When you have repetitive commitments, and most people do, there is an excellent opportunity to not only keep up with your work, but to get ahead of it.  Do you have monthly reports to prepare?  Weekly meetings to attend?  Articles to write?  Books to read?  List all the tasks you are committed to do on a regular basis.

For example, I write two church devotionals every week, a column for a local newspaper every two weeks, post an article on my time management blog every second week, issue a quarterly time management newsletter, submit four e-books to a publisher each year, and so on. Most people know well in advance what must be done.

At times in the past, I have been under stress writing an article at the last minute, searching for items to include in my newsletter, trying to think of a topic for my column, or dreaming up a photo for the article I was about to post, and so on.

What you must do is build an inventory of material that you can draw upon when needed.  You do this by using the short segments of time that you get when you finish a task ahead of deadline or find yourself traveling by train or waiting for a virtual meeting to start or waiting for a bus to arrive or waiting in a doctor’s office, or whenever.  There are plenty of wasted minutes they can be redeemed if you are prepared to take advantage of them.

The largest chunks of time I get available are those times when I take less time than scheduled for important tasks.

There are probably different ways of doing it, but I simply label folders on my computer desktop bearing the names of the tasks. For example, I have a folder marked “Column articles” where I file the articles that I write in my spare moments. When I need an article for my bi-weekly column, I revise the title of the file copy by adding a number, so I know it has been submitted. The numbers, 1, 2, 3, etc. tell me how many articles I have now had published – and those without numbers are yet to be submitted. It relieves pressure to see those articles without numbers. It represents future work that has been completed in the present.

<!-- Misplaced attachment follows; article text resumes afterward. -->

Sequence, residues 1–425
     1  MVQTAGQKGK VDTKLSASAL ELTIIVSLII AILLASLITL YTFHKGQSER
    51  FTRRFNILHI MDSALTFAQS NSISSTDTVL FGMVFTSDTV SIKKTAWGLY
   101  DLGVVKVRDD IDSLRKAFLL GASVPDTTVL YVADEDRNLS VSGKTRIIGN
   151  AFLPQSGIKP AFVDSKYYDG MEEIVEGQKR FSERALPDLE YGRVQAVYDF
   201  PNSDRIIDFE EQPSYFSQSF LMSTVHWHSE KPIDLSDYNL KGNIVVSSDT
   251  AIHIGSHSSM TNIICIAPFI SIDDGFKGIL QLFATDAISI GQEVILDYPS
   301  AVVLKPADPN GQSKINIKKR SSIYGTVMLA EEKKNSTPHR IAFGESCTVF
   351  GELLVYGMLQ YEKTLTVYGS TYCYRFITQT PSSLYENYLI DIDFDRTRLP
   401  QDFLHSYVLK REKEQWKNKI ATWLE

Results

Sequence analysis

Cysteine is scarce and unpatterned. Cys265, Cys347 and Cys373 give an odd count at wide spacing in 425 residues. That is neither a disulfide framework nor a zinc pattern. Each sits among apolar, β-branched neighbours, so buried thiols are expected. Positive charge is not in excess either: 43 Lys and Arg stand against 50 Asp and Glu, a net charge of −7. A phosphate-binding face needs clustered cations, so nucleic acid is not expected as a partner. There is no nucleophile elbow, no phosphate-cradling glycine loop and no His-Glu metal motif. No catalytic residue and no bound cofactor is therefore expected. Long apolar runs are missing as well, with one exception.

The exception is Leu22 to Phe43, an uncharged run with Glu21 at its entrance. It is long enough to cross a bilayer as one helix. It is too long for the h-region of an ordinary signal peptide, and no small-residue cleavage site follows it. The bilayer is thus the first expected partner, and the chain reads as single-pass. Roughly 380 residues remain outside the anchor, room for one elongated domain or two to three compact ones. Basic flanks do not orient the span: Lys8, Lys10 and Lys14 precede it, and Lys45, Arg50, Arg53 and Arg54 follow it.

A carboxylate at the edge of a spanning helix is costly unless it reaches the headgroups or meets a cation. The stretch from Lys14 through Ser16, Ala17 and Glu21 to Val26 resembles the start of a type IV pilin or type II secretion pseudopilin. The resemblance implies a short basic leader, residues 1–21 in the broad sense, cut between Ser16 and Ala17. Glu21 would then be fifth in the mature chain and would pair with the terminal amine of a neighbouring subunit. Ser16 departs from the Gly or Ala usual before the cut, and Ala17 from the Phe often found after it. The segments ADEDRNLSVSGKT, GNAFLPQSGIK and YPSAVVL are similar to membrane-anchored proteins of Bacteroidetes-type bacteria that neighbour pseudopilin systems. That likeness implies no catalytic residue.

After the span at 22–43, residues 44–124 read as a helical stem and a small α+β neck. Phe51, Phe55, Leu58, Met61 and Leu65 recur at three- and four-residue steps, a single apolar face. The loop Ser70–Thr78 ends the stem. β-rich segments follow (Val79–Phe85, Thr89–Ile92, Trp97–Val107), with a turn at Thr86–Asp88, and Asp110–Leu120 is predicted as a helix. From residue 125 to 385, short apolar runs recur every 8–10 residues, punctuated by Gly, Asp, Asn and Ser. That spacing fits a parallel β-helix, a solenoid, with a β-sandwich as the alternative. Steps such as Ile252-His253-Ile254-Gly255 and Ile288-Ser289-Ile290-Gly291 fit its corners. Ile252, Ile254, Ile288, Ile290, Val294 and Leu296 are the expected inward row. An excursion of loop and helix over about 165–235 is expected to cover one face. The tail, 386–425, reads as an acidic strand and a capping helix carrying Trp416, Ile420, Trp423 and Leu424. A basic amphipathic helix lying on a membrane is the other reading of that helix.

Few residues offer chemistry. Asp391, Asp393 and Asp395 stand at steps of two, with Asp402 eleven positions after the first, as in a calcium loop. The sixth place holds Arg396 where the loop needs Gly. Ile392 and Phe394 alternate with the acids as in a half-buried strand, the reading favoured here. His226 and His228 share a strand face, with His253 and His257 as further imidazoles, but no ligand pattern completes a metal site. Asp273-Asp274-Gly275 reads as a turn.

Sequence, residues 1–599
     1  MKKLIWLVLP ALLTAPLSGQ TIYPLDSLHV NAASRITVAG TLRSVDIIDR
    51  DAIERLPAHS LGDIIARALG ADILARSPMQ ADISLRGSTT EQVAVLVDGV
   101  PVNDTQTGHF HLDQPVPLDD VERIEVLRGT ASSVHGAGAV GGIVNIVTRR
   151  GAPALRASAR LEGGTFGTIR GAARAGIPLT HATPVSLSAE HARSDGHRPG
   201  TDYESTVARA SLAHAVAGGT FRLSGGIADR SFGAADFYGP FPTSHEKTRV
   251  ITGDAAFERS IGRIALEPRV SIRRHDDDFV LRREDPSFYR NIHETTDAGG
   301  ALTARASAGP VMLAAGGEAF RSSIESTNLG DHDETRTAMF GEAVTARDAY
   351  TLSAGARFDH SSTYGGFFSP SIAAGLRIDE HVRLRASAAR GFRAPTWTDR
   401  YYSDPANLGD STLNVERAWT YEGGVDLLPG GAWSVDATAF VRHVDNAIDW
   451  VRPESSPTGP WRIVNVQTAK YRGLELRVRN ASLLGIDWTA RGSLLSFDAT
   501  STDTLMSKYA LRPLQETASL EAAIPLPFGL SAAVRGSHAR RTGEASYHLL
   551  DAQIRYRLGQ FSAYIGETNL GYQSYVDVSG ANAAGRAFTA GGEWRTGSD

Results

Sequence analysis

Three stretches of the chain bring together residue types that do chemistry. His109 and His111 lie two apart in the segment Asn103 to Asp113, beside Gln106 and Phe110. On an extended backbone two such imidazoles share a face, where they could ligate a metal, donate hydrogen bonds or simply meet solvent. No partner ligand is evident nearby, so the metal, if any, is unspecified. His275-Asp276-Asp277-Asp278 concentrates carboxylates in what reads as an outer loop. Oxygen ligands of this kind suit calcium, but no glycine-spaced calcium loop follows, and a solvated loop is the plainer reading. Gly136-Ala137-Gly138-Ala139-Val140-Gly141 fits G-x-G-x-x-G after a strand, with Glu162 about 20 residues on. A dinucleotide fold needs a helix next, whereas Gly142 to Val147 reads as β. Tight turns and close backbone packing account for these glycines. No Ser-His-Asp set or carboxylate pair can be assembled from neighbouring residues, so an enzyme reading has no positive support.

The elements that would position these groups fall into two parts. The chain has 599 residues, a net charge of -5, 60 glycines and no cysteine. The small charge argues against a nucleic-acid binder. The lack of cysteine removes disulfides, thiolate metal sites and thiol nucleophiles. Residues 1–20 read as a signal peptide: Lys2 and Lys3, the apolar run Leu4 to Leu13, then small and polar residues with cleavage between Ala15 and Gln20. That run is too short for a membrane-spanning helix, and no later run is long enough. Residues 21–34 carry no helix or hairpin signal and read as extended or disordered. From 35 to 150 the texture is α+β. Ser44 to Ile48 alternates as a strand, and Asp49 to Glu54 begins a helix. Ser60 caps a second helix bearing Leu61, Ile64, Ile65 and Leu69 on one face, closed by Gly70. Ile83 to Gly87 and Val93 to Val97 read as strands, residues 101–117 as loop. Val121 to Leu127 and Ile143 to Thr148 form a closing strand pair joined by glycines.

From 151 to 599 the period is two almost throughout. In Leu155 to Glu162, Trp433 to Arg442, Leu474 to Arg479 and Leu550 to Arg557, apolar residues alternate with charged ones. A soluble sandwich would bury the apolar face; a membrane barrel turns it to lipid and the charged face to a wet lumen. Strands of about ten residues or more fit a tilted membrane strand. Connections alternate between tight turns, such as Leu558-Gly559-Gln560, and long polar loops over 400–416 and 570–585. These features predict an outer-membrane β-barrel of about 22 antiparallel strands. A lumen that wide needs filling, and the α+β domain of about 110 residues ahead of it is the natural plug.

Similarly, I have a folder labelled “Newsletters” containing another level of folders, each labelled with the title of the topics that are included in each newsletter – Articles, Time Tips, Quick Facts, Quotes, and Trainer’s Corner. Whenever I write a time tip, read about an interesting fact, spot a quote, or hear of a training idea – all related to time management, I add it to the appropriate folder. When it’s time to issue a newsletter (currently quarterly) it’s a simple matter of copying items from each folder and assembling the electronic newsletter. A large task minimized through being proactive.

I do the same for my blog articles, training sessions, and church activities and so on. If it’s a repetitive task, you can always work ahead.

If you get behind in any of your work, all your work will suffer. When you are in a time bind, every interruption, every additional request or even a coffee break becomes a stressor. Things left undone themselves become a source of stress. Regardless of some people’s claim, we do not work better under stress; we simply work faster. And speed in turn produces errors and omissions.

If you are not proactive, your job, and the tasks and activities that it includes, will control you rather than the other way around. You become so busy fighting fires, reacting to the demands of others, solving problems that should never have occurred, playing “catch-up,” and making amends for missed meetings, forgotten commitments and late assignments that you get even further behind.

Proactive means “acting beforehand.” By acting in the present, proactive people assure themselves that things will go smoothly in the future.

I have written three e-Books on the topic of proactivity that are listed on the Bookboon website: How to Keep on Top of Your Job, How to Become a Proactive Person, and The Proactive Manager. It’s an important topic in this fast-paced, digital age where everything seems to be happening at the same time.